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Doctrines & Morals

Unto us a Child is born, a Child is given

Ish 52:7-10, Heb. 1:1-6, Jn 1:1-18. At the end of the four weeks of Advent, we have finally reached the day of Christmas when we celebrate the birth of the Lord and Saviour of the world, Jesus Christ. It has become a tradition to associate snow with Christmas and when it does come, shrouding everything with its white mantle, a stillness settles over the land, especially at night-time. That combination of darkness and stillness was the setting for the first Christmas. As the Book of Wisdom states: “When all things were in quiet silence, and the night was in the middle of her course, your almighty Word leaped down from heaven, from your royal throne” (Wis. 18:14). Today we celebrate the birth of Jesus Christ, who was with God before all ages. His birth opens for us a new identity as God’s children. Today's first reading presents us with a prophecy describing the joy of the faithful watchmen, when they see the Lord, their Saviour face to face. The whole world will see the saving work of God. The second reading helps us to understand that the son born of Mary is the eternal Son of the Father, the image of the invisible God and the one through whom all things were made. The opening words of today’s Gospel describes in sublime terms the eternal nature of the Word who in His incarnation became the source of light and life for all men.

For the people of the Old Testament, light and darkness were more than natural phenomena. They tended to associate them often with virtue and wickedness in the community, also with the day of the Lord’s coming. During the life-time of Jesus, light and darkness were seen as two opposing kingdoms and the sun’s victory over darkness was held to be a symbol of the triumph of faith over the blind pursuit of evil. “In the beginning God created the heavens and the earth; and darkness was upon the face of the deep. And God said, "Let there be light, and there was light.” So begins the Bible account of the first creation and when it was ended, “God saw all that he had made, and indeed it was very good.” When the original goodness and justice was to be shattered, because our first parents abused the freedom of will granted them by God, so that once again, as the prophet Isaiah says “darkness came to cover the earth and thick darkness the peoples” (Ish 60:2). To dispel this darkness, a new creation is required and the ideal of goodness and perfection became a living reality, when the light of Christ came into the world: “The people that walked in darkness have seen a great light; for those who lived in a land of deep shadow a light has shone” (Ish 9:2). For God, who had created man in His own image and likeness, had now identified with the human race and by assuming the body of a child in the image of man, had lowered himself and become one of us. We must listen in the stillness of our hearts, and, like the shepherds, we must hasten, and with eagerness draw near to Christ. “And the shepherds came with haste, and found Mary and Joseph, and the infant lying in the manger.” They “found” implies effort on their part; they had to search, for their search was not in vain. We must also search for Christ, hasten to Him with eagerness and in the quiet times of prayer, when we are alone with God, understanding of our need for Christ will come to us.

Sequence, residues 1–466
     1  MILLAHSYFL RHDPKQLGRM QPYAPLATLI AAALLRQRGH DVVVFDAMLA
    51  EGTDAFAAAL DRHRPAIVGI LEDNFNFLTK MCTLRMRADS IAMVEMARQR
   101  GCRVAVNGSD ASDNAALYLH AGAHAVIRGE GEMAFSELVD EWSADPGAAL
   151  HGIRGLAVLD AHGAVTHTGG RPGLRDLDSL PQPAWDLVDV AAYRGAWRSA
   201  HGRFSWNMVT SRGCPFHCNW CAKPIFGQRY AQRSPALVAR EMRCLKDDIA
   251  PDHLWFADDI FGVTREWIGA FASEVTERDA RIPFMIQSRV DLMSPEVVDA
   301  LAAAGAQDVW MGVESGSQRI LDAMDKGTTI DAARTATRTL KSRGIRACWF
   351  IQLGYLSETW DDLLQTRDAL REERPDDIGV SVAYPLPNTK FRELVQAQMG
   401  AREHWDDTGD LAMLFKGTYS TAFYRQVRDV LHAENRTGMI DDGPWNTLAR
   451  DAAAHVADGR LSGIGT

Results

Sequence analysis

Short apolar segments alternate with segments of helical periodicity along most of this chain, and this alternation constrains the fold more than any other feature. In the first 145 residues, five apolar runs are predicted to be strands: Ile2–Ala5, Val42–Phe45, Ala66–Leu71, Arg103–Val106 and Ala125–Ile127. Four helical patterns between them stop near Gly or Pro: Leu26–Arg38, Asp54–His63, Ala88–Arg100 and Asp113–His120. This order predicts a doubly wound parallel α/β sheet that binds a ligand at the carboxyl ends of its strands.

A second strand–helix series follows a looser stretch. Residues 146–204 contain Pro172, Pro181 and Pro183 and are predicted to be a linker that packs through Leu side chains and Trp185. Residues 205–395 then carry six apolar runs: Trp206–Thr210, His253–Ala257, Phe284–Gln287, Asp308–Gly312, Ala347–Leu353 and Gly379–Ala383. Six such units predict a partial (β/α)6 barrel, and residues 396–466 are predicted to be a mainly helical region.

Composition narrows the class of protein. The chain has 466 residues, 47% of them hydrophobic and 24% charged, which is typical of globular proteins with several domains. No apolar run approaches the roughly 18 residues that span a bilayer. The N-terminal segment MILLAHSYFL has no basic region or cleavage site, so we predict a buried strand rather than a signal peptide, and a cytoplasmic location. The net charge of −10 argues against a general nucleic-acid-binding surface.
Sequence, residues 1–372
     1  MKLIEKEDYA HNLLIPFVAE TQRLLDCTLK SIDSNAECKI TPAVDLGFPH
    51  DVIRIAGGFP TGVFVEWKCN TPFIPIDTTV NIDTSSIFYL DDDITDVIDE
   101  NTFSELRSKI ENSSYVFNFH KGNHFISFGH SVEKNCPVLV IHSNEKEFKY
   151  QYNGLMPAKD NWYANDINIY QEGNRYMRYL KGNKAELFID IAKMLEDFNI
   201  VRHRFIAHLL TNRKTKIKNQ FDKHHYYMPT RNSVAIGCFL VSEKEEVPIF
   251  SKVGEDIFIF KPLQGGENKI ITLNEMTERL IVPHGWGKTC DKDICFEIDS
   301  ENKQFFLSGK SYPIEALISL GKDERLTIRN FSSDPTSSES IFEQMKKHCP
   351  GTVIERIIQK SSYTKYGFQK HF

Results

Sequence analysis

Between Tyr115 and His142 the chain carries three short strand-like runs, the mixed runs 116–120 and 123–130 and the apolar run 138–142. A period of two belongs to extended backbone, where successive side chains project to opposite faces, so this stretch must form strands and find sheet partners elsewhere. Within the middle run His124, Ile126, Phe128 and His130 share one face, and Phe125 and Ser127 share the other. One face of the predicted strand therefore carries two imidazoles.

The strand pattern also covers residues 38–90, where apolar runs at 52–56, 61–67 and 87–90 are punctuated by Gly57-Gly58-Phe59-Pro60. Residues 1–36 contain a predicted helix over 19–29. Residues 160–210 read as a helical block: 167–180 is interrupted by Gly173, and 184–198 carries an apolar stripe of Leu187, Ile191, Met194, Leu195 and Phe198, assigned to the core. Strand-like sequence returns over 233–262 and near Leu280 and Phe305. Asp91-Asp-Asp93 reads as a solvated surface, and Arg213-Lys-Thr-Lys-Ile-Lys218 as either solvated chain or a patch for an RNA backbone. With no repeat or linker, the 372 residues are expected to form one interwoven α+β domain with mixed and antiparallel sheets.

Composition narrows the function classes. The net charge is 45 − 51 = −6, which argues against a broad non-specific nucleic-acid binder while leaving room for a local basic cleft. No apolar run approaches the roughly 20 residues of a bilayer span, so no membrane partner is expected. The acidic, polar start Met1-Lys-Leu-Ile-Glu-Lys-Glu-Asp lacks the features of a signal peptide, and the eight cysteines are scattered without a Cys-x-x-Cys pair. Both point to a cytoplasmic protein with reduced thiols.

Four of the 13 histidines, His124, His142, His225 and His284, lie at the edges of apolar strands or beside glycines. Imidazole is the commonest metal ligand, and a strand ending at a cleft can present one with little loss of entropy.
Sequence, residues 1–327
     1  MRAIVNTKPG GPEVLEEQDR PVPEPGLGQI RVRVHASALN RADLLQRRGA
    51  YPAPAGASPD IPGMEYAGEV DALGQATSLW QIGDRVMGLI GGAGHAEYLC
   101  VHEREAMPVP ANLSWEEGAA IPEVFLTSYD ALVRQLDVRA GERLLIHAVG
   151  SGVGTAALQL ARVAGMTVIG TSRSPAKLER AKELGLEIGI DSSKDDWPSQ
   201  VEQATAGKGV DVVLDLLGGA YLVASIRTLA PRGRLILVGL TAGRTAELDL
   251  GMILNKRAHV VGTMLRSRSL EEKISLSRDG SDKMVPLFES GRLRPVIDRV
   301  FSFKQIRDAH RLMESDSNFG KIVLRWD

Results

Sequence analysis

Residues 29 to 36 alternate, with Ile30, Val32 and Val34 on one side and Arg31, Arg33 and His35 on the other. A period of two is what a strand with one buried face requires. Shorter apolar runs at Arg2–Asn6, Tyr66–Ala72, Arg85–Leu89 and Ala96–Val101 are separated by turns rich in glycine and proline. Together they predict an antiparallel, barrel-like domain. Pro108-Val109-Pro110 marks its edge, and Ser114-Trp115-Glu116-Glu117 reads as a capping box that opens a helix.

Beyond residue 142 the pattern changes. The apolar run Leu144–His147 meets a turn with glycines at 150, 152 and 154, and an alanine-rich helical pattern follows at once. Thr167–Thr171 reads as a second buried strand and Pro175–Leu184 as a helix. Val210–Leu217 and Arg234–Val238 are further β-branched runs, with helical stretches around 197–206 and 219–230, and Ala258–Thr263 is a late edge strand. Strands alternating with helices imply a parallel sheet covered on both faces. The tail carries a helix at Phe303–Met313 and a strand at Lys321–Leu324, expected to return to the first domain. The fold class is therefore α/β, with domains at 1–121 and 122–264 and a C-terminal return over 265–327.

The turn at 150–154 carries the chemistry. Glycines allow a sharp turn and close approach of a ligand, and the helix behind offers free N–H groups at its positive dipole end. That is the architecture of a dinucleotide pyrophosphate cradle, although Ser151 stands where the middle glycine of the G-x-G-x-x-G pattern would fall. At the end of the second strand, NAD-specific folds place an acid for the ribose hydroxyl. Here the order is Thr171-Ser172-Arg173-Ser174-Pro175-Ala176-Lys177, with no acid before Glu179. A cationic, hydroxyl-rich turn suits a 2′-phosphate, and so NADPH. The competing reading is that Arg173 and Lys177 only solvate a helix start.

May the Lord dispel the darkness of our world, so that we can be inspired by hope as we gaze into that great light and share its peace with others! Amen!! Good morning and Merry Christmas!!!

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